I want to stand in the middle of the rink and speak my truth.
There are only two sides, and they are not Israelis and Palestinians, Jews and Arabs. They are moderates and the extremists. I belong to the moderates, wherever they are. They are my camp – and this camp needs to unite. I have nothing whatsoever in common with the Jewish extremists who burn children alive, poison wells, uproot trees, throw stones at schoolchildren and are motivated by brainwashed hate and acute self-righteousness.
Violent radical Islamists terrify me. The pictures of how they torture and behead, kill and destroy – their indescribable cruelty and abominable treatment of women are horrifying to say the very least. But their wrath is directed not only against me but against the moderates in their own society, thus making us all brothers in arms.
Just as I urge the Arab moderates wherever they are to do everything in their power to shun extremism, I have no intention of blinding my eyes to the responsibility that must be taken by my side for the fiasco that is now occurring. Radical Islam is a dangerous phenomenon that must be dealt with not only by Israel, but by the entire world. And in the Muslim world there are more moderate voices; there are partners for dialogue. Have we done everything in our power to reach out to them?
The answer is no.
Only dialogue from a place of respect and empathy can save us. Only a concerted effort to strengthen the moderates and thus marginalize, as much as possible, the radicals can afford us some hope.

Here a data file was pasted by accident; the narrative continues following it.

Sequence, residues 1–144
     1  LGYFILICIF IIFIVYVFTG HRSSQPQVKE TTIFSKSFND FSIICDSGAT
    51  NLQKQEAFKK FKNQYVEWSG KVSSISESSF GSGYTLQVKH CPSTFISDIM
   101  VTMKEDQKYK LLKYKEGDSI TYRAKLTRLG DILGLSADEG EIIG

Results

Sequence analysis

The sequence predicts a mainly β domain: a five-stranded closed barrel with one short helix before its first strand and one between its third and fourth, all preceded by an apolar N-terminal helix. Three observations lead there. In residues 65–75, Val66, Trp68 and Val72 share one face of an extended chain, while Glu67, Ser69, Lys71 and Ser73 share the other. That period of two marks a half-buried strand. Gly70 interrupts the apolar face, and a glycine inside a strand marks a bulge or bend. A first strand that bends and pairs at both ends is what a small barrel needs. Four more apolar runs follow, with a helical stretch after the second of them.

As much as we in Israel justifiably despise Hamas, it does not look like this group is going anywhere. Have we seriously considered the conditions it poses for a cease-fire? Many of them make sense. Why not attempt to alleviate the suffering of the Gazans, enable them to flourish economically, return dignity to their lives and gain a 10-year cease-fire? Ten years is a long time.
Young minds can be opened; even modest prosperity can be the catalyst of change. Why assume automatically that these years will be used only to strengthen Hamas’ military power? The conditions include international supervision. Maybe the years will create a reality in which Hamas, with a younger generation of leaders who see a different horizon, can be drawn into the political circle in a way that will finally enable dialogue?
I ask myself: Why don’t we surprise ourselves. Netanyahu, you are known to be a clever man: Why not go 180 degrees, change the rules of the game, think out of the box? Welcome Abu Mazen, strengthen him in the eyes of his people, think up creative solutions with him, stop the building in the settlements, support the unity government, open Gaza and enable commerce with international supervision, embrace the Palestinians’ aspirations alongside our own, welcome international intervention, especially by the Arab League, and gain a real ally against the waves of extremism. Checkmate.
Have we really made every effort to do all this before sending our young men off to die? Sadly, we have not. No one is dismantling the Israeli army anytime soon, and it should remain strong. But why are we so stubbornly refusing to take this calculated risk and instead choosing to sacrifice our children? It is beyond my comprehension.

Tuesday, 29 July 2014


Like everywhere in the world and like in every country, the people of Israel are a diverse lot. There is no such thing as "THE Israeli". 
Like there is no such thing as "THE Swiss" or "THE German", "THE American"- not even "THE Jew" or "THE Christian" or "THE Muslim". We are all a mix of a lot of things. One might be a painter, a Christian, a wife, a biologist and a French at the same time. While I am a mother and a Swiss and an Israeli and a book reader and an office worker and a gardener and much more at the same time…

I think it would help a great deal, if we would look at others that way, if we would not put someone immediately in a labeled box according to his nationality, faith or even political views. 
We would sure find common things in each other.